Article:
Helbig, who first started posting on YouTube during her senior year of college, recounted for Brandcast her dues-paying climb from waitress-wannabe comic to performer on the YouTube comedy outlet My Damn Channel. Convinced that she needed greater control and ownership over her work, she launched a channel of her own, which led to her E! talk show.

Though digital stars are increasingly making leaps into traditional entertainment spaces, Helbig is one of the first to be the face of a network series.


It hasn’t been easy bridging digital and traditional audiences. Despite E! pulling out all the marketing stops for the show, with a media blitz that included a Helbig appearance on “Late Night With Jimmy Fallon,” ratings for the show so far have been modest.

With Joel McHale’s popular “The Soup” series as its lead-in on Friday nights, the debut of Helbig’s show April 3 drew in a mere 227,000 viewers. That figure climbed to 262,000 viewers by episode three. The fourth episode saw a slight dip (182,000 viewers), but it overlapped with Jenner’s “20/20” special on ABC, which drew in 16.9 million viewers. Including live-plus-three-day figures (which tallies how many people watch the show after recording it), the show to date has been viewed by more than 3 million total unique viewers.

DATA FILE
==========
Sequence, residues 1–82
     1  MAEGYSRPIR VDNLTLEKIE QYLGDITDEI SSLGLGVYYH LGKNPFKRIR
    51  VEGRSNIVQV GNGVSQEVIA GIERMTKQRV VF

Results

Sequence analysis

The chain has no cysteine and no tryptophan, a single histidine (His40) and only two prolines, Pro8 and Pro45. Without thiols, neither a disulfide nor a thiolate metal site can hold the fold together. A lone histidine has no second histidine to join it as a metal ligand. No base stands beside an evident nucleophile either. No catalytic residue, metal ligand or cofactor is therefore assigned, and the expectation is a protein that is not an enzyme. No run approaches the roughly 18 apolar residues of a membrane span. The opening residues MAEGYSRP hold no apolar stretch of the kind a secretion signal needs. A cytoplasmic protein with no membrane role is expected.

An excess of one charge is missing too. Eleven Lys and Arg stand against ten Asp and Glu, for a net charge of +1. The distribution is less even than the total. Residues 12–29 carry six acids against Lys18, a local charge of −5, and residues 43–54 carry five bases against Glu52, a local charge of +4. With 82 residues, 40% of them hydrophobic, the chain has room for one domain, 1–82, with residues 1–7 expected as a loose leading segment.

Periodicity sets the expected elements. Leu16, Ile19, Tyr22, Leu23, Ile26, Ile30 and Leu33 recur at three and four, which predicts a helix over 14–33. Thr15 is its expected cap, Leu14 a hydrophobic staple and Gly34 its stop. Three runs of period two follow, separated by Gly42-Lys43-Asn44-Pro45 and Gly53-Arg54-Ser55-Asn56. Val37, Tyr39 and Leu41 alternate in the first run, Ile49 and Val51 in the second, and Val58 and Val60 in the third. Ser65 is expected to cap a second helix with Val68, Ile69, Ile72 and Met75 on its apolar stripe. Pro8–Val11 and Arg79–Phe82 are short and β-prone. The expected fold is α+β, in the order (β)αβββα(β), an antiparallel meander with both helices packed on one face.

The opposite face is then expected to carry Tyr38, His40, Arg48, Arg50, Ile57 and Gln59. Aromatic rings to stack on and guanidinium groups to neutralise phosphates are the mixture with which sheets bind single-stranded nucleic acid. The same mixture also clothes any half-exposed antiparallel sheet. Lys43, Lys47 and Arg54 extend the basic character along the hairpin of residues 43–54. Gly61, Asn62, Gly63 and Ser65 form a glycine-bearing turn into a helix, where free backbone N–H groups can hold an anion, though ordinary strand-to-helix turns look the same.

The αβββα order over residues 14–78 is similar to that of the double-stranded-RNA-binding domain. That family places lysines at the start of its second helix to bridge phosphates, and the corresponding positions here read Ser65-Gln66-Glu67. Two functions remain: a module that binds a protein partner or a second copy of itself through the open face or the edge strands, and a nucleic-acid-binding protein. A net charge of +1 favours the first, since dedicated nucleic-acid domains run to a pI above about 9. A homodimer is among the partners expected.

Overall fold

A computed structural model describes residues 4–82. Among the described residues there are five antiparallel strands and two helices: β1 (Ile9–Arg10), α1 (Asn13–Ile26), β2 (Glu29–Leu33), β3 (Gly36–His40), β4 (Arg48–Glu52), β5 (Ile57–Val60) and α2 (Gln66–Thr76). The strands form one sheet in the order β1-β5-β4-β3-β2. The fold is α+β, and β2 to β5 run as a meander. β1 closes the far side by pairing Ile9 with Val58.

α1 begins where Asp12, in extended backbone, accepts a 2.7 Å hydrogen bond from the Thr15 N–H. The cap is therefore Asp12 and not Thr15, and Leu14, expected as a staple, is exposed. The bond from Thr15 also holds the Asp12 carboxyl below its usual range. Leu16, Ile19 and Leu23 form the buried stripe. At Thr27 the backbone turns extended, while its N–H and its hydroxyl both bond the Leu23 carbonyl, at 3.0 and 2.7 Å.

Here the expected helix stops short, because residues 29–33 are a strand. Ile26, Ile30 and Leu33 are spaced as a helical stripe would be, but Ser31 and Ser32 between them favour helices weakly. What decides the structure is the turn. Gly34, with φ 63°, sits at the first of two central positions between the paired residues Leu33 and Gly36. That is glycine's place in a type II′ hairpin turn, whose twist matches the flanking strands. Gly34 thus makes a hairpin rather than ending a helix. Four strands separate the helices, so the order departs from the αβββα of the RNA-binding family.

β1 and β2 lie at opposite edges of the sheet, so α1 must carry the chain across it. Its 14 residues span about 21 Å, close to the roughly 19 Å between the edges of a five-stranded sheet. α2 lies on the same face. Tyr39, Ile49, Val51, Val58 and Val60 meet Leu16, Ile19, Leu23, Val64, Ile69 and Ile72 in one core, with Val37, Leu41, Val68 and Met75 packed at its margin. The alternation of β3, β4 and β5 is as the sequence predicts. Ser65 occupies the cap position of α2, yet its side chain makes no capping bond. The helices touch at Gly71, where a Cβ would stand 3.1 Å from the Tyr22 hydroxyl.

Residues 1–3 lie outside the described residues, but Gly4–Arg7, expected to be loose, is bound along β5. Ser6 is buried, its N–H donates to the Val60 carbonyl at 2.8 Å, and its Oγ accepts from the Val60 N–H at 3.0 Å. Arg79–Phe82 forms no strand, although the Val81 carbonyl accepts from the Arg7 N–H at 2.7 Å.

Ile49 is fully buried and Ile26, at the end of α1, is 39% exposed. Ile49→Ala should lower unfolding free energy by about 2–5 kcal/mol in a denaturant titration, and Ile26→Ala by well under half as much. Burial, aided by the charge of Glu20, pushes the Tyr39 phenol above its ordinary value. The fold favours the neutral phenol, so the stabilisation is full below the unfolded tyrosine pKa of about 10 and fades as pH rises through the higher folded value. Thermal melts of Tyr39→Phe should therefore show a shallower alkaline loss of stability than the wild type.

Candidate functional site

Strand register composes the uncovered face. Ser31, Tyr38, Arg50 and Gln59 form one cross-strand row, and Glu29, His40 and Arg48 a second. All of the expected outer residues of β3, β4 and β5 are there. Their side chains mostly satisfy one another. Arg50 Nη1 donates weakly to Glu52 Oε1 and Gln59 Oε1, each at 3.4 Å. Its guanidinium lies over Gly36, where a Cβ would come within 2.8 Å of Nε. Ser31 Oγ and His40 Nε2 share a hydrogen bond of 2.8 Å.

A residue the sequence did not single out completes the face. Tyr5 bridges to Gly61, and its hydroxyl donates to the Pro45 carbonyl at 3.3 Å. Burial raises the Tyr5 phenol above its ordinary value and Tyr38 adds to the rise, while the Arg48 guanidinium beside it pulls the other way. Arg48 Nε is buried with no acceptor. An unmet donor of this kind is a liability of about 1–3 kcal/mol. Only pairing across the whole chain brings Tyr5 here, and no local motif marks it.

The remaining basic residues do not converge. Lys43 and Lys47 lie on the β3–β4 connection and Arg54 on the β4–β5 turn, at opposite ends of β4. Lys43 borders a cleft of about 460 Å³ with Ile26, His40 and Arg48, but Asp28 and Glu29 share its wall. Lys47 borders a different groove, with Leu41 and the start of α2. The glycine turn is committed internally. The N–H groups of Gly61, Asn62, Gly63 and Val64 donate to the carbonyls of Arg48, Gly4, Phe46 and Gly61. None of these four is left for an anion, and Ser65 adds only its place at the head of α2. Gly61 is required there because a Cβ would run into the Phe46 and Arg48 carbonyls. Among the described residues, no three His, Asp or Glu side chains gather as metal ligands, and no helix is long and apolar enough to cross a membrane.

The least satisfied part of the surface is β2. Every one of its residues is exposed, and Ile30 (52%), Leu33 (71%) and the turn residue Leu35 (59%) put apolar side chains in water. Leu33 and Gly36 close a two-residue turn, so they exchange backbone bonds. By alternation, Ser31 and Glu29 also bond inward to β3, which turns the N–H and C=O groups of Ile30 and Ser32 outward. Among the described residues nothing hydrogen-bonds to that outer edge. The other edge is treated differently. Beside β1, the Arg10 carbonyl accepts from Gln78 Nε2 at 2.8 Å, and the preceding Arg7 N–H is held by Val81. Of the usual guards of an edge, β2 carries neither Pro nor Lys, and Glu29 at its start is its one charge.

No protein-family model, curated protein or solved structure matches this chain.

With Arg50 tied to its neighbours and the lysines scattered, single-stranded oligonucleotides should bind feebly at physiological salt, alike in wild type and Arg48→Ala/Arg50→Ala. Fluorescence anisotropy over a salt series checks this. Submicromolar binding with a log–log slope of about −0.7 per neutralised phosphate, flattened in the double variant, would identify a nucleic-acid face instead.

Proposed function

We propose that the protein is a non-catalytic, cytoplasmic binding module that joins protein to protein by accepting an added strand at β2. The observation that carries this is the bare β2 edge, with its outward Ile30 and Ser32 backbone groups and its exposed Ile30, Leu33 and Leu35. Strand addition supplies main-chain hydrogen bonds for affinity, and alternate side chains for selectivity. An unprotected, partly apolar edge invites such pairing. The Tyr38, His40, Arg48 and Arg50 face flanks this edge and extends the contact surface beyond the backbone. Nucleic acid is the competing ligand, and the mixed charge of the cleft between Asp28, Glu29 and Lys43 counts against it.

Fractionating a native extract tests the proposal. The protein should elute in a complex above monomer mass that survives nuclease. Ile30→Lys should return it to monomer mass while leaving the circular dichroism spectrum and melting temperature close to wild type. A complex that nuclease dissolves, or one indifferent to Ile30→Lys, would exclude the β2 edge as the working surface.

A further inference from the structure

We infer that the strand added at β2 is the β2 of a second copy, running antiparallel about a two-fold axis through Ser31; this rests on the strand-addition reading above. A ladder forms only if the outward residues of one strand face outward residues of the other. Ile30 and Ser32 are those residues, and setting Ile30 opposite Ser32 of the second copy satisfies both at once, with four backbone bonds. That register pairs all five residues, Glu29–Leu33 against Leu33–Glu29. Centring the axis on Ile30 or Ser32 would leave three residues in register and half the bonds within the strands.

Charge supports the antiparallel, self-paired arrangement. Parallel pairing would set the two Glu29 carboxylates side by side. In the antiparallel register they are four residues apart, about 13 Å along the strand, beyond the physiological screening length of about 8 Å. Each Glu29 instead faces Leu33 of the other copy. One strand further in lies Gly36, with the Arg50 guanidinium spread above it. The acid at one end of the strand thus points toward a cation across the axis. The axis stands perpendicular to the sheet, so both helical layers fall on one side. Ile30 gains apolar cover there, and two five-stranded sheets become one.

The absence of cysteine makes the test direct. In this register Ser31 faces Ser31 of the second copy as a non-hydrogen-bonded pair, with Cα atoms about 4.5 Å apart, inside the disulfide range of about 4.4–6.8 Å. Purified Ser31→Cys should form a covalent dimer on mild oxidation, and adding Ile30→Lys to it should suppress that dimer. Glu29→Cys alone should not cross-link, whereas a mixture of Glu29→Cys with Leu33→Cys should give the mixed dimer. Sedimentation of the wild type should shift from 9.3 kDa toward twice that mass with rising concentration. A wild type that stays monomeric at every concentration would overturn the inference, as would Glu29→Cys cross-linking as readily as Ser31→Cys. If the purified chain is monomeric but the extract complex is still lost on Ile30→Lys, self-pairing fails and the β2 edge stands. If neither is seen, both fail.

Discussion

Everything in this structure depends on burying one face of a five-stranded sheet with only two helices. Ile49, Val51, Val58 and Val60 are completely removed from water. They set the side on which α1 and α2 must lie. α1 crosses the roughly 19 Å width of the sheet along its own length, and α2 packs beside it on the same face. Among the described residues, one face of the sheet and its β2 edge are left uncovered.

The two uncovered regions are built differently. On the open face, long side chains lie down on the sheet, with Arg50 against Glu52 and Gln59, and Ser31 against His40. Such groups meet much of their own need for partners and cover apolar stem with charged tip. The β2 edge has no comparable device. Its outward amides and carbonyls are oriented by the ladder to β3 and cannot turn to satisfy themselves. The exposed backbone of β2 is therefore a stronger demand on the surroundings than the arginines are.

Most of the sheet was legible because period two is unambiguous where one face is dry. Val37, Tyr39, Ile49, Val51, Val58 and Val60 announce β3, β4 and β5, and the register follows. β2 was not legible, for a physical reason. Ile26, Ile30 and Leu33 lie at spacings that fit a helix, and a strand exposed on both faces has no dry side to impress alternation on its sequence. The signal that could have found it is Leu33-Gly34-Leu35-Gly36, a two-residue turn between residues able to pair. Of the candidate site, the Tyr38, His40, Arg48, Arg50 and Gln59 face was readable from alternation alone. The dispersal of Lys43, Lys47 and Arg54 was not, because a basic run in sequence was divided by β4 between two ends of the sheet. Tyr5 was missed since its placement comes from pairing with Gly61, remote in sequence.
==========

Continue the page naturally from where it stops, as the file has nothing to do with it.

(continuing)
All four episodes of the show have averaged 142,000 viewers in the key 18-to-49-year-old demographic and 519,000 viewers overall tuning in during prime time, according to Nielsen. The median age for the show is 27.

“I’d lie if I said I don’t love ratings.... I would love for each and every one of Grace’s digital audience to watch the show,” Olde said. “But we also hope she makes new fans. I’m just looking to see if people are talking about it.”

The desired 13-to-24-year-old age bracket watches 11.3 hours of free online video and 10.8 hours of subscription online video weekly, according to a recent study published by Defy Media, a digital content company. Those figures are nearly twice the time reported for free online TV offerings from broadcast and cable networks (6.4 hours) or for regularly scheduled TV (8.3 hours).